Corbyn and Anti-Semitism Prof Gus John answers Archbishop Welby
Of Stained-Glass Houses and Stones
On 26 November 2019, the Archbishop of Canterbury, Justin Welby, backed the Chief Rabbi Ephraim Mirvis in his condemnation of Jeremy Corbyn’s handling of anti-Semitism in the Labour Party, stating that Mirvis’ criticism of Corbyn and the Labour Party should ‘alert us to the deep sense of insecurity and fear felt by many British Jews’. In response, Professor Gus John, independent consultant and a lay member of the Archbishops’ Council’s Committee on Minority Ethnic Anglican Concerns (CMEAC)*wrote:
So, the jury has returned its verdict.
Jeremy Corbyn has failed the fitness to practice test. His fitness to lead the nation has been tested in his handling of complaints of anti-Semitism within the Labour Party and he has failed that test. What is more, under his watch the Labour Party is suffering the ‘shame’ of being investigated by the government’s anti-discrimination watchdog, the Equality and Human Rights Commission.
This is all most intriguing. Let’s take a moment to dissect it. Corbyn is considered unfit to lead a government because with him at the helm his party has failed to deal swiftly and decisively with the anti-Semitic conduct of a minute proportion of its members. This has cause hurt among the Jewish population and alienated Jewish supporters of Labour. So, Corbyn is presumed to be guilty of ‘joint enterprise’, because although he himself is a committed anti-racist and against anti-Jewish racism, by implication he has colluded with those who are not by failing to act decisively against them. As such, his is taken to be a failure of leadership in that he did not ensure that appropriate mechanisms existed within the Labour Party to deal with complaints of anti-Semitism in a timely fashion. But, the absence of such mechanisms and processes is an organisational and institutional issue. The matters being complained against and being investigated by the Equality and Human Rights Commission are ones which are to do mainly with the conduct of individuals, whether they are rank and file members of the Labour Party or people holding official positions in the party.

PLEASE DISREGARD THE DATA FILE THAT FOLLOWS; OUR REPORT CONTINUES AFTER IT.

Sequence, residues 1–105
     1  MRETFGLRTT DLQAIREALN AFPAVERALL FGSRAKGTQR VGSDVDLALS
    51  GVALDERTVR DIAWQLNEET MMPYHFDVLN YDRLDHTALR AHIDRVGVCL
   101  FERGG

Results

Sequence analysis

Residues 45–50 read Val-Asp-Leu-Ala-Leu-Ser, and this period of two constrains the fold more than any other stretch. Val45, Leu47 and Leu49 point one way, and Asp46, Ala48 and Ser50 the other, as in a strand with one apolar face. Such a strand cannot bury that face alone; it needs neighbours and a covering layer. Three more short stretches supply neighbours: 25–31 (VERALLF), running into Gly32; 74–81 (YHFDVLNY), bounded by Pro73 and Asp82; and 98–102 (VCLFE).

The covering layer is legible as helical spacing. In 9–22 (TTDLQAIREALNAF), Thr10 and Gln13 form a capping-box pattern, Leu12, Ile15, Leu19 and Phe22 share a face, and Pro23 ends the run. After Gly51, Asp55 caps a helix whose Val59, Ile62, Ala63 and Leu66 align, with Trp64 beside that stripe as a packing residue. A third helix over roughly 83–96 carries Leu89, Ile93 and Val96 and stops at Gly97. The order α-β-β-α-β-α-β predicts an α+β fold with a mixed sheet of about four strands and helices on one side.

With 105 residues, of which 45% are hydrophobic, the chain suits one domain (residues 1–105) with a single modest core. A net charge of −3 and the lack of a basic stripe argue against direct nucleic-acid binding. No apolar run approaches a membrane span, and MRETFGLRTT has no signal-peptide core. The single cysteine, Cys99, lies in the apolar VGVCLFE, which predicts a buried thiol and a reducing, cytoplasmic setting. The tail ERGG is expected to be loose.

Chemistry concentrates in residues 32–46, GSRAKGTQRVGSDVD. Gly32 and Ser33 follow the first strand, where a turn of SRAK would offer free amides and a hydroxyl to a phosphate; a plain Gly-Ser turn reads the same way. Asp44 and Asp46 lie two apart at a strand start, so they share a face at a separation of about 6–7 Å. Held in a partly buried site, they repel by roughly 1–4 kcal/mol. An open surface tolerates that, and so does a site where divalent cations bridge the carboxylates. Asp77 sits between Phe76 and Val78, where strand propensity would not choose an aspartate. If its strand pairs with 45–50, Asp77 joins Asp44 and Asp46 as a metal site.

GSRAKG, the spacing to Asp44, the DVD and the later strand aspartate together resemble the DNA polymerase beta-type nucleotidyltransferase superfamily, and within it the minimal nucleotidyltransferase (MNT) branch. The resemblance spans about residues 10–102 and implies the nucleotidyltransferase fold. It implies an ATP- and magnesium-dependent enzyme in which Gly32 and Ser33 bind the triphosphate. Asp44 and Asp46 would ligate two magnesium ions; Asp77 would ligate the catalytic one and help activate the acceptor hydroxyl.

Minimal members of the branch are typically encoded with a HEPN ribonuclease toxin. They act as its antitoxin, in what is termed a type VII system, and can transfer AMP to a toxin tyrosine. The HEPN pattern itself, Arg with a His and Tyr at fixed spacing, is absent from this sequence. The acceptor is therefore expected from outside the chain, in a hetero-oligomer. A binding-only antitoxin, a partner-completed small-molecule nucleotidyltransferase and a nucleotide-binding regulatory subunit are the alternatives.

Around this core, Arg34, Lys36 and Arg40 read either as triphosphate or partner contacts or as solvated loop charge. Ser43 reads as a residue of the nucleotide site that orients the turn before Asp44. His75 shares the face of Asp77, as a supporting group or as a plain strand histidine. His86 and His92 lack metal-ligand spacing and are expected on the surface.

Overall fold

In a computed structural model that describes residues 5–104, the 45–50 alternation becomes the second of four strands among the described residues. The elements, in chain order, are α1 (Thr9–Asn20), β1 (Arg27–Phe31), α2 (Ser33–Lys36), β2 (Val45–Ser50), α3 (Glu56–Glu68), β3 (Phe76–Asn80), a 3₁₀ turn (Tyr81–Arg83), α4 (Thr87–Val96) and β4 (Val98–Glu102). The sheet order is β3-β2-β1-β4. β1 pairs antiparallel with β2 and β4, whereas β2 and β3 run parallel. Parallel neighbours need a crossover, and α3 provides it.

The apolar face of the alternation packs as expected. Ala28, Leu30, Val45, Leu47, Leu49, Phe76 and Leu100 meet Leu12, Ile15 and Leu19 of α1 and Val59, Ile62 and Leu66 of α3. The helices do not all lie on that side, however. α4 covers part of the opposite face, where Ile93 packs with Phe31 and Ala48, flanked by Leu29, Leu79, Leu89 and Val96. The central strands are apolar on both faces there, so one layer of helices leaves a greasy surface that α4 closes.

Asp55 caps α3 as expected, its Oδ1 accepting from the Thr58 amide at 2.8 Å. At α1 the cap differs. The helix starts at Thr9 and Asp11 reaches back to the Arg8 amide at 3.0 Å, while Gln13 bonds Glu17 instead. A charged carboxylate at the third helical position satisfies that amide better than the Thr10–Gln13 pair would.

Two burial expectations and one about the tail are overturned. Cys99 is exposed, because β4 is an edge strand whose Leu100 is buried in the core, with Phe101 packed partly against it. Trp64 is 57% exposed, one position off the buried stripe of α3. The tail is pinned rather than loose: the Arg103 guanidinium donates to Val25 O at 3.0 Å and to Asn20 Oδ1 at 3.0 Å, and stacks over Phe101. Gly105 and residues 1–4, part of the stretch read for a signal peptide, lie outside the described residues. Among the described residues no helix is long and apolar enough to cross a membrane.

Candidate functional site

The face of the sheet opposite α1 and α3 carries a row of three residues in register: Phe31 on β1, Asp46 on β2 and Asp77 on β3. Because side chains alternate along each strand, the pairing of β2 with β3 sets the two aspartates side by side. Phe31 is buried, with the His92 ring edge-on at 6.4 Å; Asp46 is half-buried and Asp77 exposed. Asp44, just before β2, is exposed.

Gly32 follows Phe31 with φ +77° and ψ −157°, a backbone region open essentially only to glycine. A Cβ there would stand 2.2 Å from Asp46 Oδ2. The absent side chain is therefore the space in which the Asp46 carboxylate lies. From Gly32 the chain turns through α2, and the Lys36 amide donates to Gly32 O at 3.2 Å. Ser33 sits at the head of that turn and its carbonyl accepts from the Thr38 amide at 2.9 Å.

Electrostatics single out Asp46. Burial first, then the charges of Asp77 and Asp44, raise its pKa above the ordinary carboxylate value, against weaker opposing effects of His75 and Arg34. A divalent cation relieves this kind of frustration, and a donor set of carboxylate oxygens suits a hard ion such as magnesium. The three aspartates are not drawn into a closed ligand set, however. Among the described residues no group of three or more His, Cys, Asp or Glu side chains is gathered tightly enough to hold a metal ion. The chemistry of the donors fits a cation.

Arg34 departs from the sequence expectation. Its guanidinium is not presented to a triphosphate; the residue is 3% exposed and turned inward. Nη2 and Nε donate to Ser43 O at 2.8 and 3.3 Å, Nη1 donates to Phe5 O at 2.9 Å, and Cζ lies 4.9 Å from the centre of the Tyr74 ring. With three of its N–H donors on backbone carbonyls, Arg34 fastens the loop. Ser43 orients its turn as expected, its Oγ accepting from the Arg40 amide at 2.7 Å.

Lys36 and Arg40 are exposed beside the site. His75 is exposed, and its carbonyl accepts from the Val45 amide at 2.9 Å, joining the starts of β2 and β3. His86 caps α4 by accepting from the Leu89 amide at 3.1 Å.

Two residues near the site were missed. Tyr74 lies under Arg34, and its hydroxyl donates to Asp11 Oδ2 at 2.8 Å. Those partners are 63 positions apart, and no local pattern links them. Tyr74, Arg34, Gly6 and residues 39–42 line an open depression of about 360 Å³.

Why this distinction? It seems to me that what is missing in this whole hysterical discourse which sounds increasingly like populism on speed, is that discrimination against any group or population in society who are rendered outsiders and not quite considered integral to the body politic typically manifests in at least four observable ways: structural, cultural, institutional and personal. In this case, the actions of individuals in the Labour Party and what those actions indicate about their attitudes to the Jewish community are considered to be indicative of an embedded culture of anti-Semitism within Labour, a culture presumably endorsed and sustained by Jeremy Corbyn, if only by his failure to deal with the people responsible for perpetuating it in a timely fashion.